F4 British ChampionshipFeaturesOpen WheelSeason Review

SEASON REVIEW: 2019 F4 British Championship – Maloney seals one of the closest title fights yet

4 Mins read
Image: Jakob Ebrey Photography

The F4 British Championship certified by FIA – powered by Ford EcoBoost has become synonymous with drama, action and intrigue and the 2019 season did nothing but live up to, and often exceed, it’s renowned reputation.

Barbados’ Zane Maloney, in only his rookie season in single-seaters, stamped his authority over the championship with 10 wins from the 30 rounds contested and laid his claim as one of the most worthy champions to date.

That included a spellbinding run of seven wins from eight in the middle stage of the year and consistent podium finishes amongst the rest as the Carlin rookie fended off a late charge from Double R Racing’s Sebastian Alvarez.

Elsewhere, Reema Juffali made history as she entered the championship on her way to becoming Saudi Arabia’s first female racing driver and a number of motorsport’s rising stars made their presence known, when seven drivers still held title aspirations with just six races remaining.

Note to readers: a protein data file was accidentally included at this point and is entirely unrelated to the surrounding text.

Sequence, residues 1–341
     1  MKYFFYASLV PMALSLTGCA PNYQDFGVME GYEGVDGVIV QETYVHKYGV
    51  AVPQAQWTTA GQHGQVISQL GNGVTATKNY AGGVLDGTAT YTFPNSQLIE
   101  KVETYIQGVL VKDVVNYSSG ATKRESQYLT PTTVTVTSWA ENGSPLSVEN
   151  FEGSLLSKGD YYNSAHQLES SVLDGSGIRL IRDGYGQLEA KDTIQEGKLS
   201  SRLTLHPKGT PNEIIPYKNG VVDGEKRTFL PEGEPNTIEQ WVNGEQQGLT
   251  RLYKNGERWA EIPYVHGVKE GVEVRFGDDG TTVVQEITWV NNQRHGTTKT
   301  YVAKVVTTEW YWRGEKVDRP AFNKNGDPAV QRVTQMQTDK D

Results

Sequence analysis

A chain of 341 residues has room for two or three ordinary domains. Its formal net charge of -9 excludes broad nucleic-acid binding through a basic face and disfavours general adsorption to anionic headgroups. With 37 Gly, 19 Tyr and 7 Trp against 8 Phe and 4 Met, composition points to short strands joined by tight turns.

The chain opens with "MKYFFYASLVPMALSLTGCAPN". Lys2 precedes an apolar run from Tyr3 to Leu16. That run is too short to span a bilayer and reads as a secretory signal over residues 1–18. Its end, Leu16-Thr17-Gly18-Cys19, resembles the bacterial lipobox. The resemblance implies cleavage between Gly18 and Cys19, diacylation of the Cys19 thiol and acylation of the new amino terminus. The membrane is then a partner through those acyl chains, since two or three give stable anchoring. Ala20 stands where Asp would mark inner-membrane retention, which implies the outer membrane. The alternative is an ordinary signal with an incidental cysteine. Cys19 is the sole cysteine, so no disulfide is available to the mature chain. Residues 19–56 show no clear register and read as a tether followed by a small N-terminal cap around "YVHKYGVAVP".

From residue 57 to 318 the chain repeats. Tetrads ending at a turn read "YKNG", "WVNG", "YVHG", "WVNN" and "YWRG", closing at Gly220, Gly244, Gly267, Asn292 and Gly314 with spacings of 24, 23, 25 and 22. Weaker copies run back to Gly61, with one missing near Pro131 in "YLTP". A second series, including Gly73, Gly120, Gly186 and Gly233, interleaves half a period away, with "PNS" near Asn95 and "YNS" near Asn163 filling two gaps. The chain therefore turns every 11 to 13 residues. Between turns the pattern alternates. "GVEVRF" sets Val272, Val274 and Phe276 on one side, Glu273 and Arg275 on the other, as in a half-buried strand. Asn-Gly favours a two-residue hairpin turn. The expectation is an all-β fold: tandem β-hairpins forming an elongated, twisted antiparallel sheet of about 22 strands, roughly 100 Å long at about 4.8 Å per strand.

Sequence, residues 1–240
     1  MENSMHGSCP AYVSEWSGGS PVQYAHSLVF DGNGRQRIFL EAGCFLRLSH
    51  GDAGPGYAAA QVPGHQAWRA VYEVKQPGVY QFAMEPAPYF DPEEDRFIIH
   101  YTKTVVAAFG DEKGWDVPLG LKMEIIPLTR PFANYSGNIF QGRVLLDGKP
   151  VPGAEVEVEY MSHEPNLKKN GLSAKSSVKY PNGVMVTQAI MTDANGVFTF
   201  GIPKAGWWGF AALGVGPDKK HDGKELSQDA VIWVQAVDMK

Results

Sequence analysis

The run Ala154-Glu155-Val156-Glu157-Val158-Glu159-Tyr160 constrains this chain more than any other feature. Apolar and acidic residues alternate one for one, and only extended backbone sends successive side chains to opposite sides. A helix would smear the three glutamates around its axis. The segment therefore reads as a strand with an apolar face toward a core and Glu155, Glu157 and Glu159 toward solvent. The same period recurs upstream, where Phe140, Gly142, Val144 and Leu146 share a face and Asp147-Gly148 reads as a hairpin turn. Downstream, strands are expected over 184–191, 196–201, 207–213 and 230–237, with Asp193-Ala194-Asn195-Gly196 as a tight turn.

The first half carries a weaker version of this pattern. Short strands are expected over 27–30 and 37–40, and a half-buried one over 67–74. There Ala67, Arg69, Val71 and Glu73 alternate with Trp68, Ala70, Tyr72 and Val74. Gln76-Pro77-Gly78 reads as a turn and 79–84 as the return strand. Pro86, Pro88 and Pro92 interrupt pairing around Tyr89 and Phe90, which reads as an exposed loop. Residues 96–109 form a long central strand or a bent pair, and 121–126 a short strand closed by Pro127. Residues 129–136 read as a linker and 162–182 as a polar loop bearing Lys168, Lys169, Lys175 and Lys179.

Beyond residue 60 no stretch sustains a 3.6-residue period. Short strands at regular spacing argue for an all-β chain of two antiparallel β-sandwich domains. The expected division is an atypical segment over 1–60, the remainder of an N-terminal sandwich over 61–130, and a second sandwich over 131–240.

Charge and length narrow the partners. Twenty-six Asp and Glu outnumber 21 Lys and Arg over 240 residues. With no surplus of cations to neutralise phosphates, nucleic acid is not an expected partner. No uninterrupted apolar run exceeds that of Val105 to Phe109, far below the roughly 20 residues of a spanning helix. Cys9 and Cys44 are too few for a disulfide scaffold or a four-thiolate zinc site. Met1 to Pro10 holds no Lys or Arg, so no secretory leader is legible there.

Season opens with three different winners

The opening weekend at Brands Hatch saw no one driver gain a competitive edge.

It began with a stunning Carlin 1-2 in qualifying, headed by Joe Turney just two days after his arrival to the series was announced. The race well and truly belonged to Luke Browning, who catapulted his Richardson Racing machine from 10th on the grid to first place, handing both him and the team their first British F4 victories. The title’s main protagonists, Alvarez and Maloney, finished second and third respectively.

The weekend then fell to Double R Racing, as Louis Foster inherited the win in race two after a penalty for Browning for contact with Maloney dropped the Cestrian to third.